John Sutherland; Acclaimed for Artistry of His Industrial Films
John Elliot Sutherland, an award-winning industrial and educational filmmaker whose subjects ranged from cancer and chemistry to General Electric and the New York Stock Exchange, has died.
He was 90, and died Feb. 17 in Van Nuys after a short illness, according to his son, Eric, of Chicago.
Sutherland began making live-action training films for the military during World War II. His success in that led to the formation of John Sutherland Productions in Los Angeles, which concentrated on documentaries and industrial films during the 1950s and 1960s.
He produced about 20 movies a year, such as “A Is for Atom” for General Electric, “Bananas? Si, Senor” for United Fruit and “The Spray’s the Thing” for DuPont. In 1957, Time magazine called him one of the best makers of industrial shorts, saying that his films could turn a corporate client into “the nonirritating huckster” by showcasing a company with subtlety and style.
One of Sutherland’s best-known works during this period was his award-winning “Rhapsody of Steel” for U.S. Steel, a 1959 Technicolor epic with music by Dmitri Tiomkin and the Pittsburgh Symphony. Time praised Sutherland as “a slick entertainer and a painless pedagogue.” The filmmaker also earned a plug from Hollywood columnist Hedda Hopper, who found the movie “better than many feature pictures.”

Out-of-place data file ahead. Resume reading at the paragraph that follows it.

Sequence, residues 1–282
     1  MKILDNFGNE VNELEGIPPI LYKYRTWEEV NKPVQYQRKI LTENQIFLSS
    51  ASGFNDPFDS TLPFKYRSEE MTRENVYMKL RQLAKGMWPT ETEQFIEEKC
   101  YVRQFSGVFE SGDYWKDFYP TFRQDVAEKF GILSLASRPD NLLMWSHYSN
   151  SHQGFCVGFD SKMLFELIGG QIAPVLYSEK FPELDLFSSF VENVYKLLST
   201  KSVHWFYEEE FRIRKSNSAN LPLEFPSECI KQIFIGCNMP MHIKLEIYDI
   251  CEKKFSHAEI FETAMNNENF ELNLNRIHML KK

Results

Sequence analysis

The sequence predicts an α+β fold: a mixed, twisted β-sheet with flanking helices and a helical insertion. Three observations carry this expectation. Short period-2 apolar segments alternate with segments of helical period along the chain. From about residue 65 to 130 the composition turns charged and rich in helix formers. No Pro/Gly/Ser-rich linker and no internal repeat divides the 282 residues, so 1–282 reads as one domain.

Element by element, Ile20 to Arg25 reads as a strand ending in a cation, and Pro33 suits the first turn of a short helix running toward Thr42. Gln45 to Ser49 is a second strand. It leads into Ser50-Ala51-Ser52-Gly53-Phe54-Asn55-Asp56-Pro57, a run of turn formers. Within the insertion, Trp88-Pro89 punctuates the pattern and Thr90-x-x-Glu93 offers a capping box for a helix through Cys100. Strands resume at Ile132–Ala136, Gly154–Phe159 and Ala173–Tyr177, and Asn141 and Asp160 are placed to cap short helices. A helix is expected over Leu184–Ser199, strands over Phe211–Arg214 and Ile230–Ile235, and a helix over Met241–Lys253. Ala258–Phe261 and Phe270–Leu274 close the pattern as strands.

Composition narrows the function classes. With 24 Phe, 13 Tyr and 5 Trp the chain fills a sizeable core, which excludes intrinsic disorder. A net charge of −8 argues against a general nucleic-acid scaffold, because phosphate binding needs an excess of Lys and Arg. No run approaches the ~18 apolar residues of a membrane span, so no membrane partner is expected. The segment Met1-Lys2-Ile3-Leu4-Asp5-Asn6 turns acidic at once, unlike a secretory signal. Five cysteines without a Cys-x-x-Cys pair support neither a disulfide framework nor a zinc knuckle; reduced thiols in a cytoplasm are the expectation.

In 1972 he produced a series of 50 short films that ran on the “Captain Kangaroo” children’s television series and were later used in Head Start programs throughout the nation.
The brief segments used live action, animation and narration to deal with health issues and self-awareness, such as in “Oops, I Made a Mistake,” a three-minute film that explained, in children’s terms, that to err is to be human.
Born in Williston, N.D., and raised in Montana, Sutherland majored in politics and economics at UCLA, graduating with a bachelor’s degree in 1937. While working as director of UCLA’s drama and debate department, he met Walt Disney, which led to work at the Disney studios from 1938 to 1940 as an assistant director and story director.
He provided one of the voices of the mature Bambi in the 1942 Disney classic, according to John Grant in the “Encyclopedia of Walt Disney’s Animated Characters.” He was once married to Paula Winslow, who provided the voice of Bambi’s mother.
His survivors include two other sons, John of Midlothian, Va., and Ronald of Coral Gables, Fla.; and a daughter, Diane Leggett of Elkins Lake, Texas.